Positive Reinforcement training emphasizes rewarding good behavior over punishing bad behavior. This is good. This is wise. This gets the best results. But it is still inevitable that your dog will do bad behaviors. What are you supposed to do then? Just ignore it and hope it goes away? Well, no, of course not.
Except that, yeah, sometimes you should! If your dog is engaging in bad behavior that you can safely ignore, then that's often the best way to handle it. If your dog is barking at you to get your attention or to demand food or a toy or to be let out of a crate, then your best strategy is to just completely ignore your dog until they've been quiet for a while. No eye contact, no talking to them. Act as if they didn't exist. Once they've figured out the bad behavior isn't getting them anything, they'll eventually stop wasting their energy.
Dogs themselves can be masters of this. Here is a video of my boxer Krypto when he was a wee puppy, trying to see if being a barky little pest will get him the bone that my older girl Derby was chewing on. Other than a slight snark from her when he actually tried to get in and take the bone, all she did was quietly but utterly ignore his obnoxious behavior. It took him almost four minutes to get the message, but eventually he figured out it wasn't going to work and he calmed down. After that, he almost never barked at Derby for anything again.
WHEN IGNORING DOESN'T WORK
A lot of times, just ignoring a behavior isn't an option. If your dog has jumped up on a piece of furniture that you don't allow them on, then ignoring it is the same as giving them permission to misbehave. What to do then?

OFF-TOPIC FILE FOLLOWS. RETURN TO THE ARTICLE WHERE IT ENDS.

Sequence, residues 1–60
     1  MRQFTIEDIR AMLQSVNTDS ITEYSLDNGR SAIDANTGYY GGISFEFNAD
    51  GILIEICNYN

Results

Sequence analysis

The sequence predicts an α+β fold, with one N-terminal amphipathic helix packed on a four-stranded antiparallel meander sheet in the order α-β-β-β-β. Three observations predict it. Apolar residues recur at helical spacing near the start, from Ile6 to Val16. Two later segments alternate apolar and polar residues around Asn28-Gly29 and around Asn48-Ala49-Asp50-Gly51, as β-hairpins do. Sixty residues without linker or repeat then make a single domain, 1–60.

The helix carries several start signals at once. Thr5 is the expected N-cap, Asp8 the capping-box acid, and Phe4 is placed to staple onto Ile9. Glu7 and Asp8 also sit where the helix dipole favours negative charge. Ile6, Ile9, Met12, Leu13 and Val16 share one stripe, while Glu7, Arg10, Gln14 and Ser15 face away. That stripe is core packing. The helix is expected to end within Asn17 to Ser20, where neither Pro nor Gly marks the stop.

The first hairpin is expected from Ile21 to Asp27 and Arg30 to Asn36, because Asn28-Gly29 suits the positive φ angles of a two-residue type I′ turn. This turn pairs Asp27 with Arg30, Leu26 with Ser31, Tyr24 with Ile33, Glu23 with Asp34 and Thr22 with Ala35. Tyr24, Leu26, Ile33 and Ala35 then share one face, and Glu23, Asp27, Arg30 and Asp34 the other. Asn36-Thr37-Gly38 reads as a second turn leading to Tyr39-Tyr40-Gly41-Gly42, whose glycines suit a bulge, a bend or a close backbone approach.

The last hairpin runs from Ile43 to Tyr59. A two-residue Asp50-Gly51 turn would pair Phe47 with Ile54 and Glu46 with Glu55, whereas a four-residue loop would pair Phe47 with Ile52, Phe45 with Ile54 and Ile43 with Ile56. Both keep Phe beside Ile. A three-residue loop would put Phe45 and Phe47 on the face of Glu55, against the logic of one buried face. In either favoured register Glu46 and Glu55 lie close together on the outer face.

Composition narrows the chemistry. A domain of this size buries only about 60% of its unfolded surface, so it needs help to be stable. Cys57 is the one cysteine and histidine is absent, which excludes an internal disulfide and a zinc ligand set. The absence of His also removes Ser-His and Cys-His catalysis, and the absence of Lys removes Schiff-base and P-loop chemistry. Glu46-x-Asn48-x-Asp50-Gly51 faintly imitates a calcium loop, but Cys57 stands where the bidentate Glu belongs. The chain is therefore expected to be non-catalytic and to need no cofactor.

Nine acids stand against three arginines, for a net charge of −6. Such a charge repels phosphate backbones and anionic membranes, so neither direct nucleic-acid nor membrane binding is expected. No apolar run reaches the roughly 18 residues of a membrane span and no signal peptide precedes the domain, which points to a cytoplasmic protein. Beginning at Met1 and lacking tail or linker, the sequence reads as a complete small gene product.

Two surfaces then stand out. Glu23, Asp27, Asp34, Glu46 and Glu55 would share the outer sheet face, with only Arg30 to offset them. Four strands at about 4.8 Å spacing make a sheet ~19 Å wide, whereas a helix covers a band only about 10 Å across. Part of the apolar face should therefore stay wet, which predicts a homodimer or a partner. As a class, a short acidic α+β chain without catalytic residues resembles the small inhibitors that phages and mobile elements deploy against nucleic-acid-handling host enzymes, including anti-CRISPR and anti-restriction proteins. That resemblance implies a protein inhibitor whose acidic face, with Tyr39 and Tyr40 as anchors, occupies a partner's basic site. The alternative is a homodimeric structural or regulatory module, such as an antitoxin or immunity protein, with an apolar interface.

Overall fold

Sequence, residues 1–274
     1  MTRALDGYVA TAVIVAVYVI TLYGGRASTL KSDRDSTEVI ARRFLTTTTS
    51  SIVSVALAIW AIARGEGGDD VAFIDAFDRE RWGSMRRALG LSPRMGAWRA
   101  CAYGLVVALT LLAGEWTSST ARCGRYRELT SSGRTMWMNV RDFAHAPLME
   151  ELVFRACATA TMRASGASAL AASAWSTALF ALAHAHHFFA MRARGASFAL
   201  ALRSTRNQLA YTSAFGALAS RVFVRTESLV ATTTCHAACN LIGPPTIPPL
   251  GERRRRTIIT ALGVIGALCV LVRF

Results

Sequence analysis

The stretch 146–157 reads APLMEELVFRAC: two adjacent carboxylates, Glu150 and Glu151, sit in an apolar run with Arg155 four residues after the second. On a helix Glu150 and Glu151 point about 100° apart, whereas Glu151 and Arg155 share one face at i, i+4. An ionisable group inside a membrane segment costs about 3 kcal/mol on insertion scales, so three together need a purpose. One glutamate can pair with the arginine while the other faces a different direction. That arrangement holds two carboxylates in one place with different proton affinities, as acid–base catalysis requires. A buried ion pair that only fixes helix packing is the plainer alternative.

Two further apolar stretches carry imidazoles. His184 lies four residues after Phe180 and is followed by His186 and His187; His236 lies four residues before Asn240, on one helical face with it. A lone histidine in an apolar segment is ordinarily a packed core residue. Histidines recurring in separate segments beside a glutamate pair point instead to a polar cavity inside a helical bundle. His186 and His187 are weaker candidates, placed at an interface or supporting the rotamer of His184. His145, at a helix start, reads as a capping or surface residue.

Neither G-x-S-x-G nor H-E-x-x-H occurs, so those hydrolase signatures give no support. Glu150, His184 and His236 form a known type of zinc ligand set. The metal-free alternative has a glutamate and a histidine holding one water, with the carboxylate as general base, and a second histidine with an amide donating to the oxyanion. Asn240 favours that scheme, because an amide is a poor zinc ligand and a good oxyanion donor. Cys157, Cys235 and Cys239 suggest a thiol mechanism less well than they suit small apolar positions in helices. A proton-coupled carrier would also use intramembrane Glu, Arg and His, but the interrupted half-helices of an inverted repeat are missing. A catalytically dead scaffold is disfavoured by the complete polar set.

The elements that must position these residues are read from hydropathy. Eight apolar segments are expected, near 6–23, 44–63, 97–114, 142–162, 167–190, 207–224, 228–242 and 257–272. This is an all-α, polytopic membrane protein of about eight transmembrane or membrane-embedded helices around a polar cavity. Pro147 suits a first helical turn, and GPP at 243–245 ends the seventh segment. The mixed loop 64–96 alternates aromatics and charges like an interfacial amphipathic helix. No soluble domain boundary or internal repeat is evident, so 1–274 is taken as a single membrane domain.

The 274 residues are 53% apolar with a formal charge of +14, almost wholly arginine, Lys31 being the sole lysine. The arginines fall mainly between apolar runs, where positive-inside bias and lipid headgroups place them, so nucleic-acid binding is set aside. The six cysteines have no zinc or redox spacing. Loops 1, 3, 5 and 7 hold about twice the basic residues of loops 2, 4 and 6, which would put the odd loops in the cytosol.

Well, the first thing to do is “management” - setting your home and lifestyle up so that your dog has a little opportunity to misbehave as possible. Your dog can't jump on your bed if he can't get into your bedroom. He can't jump on guests if he's kept behind a baby gate when they come over. While this might seem like “cheating”, it actually serves a very real training purpose – it keeps your dog from practicing bad behavior and building bad habits. It's not usually enough to fix a problem on its own, but it is an absolutely necessary part of training. Set things up so that your dog only has the opportunity to misbehave when you can be there and are able to do something about it. The rest of the time, set them up so they have no chance to misbehave.
If your dog does misbehave, usually just being more stubborn than your dog is enough to fix the problem in a short period of time. If your dog jumps on the couch and won't respond to you saying “Off”, just calmly (not angrily!) pull him off the couch. If he jumps up again, repeat. Repeat as many times as it takes him to understand that you are more stubborn than he is!
(My mentor, Janine Pierce, likes to say that the best dog trainers are women, because they're naturally bossy. My retort is that men make awesome trainers, because we're stubborn!)
But a very, very important flipside to handling your dog's misbehaviors is that you must be aware and reward your dog when he doesn't misbehave. Did your dog jump on the couch five times and you had to pull him off each time? On the sixth time, did he look like he was thinking about it, but then turned away? Praise the heck out of that little guy! The next day, did he come up to the couch but then just lie down on the floor next to it? That deserves a belly rub!
Remember, good behavior, almost by definition, is easy to ignore. Don't. Notice when your dog is doing the right thing, and reward them for it, and both of your lives will be much easier.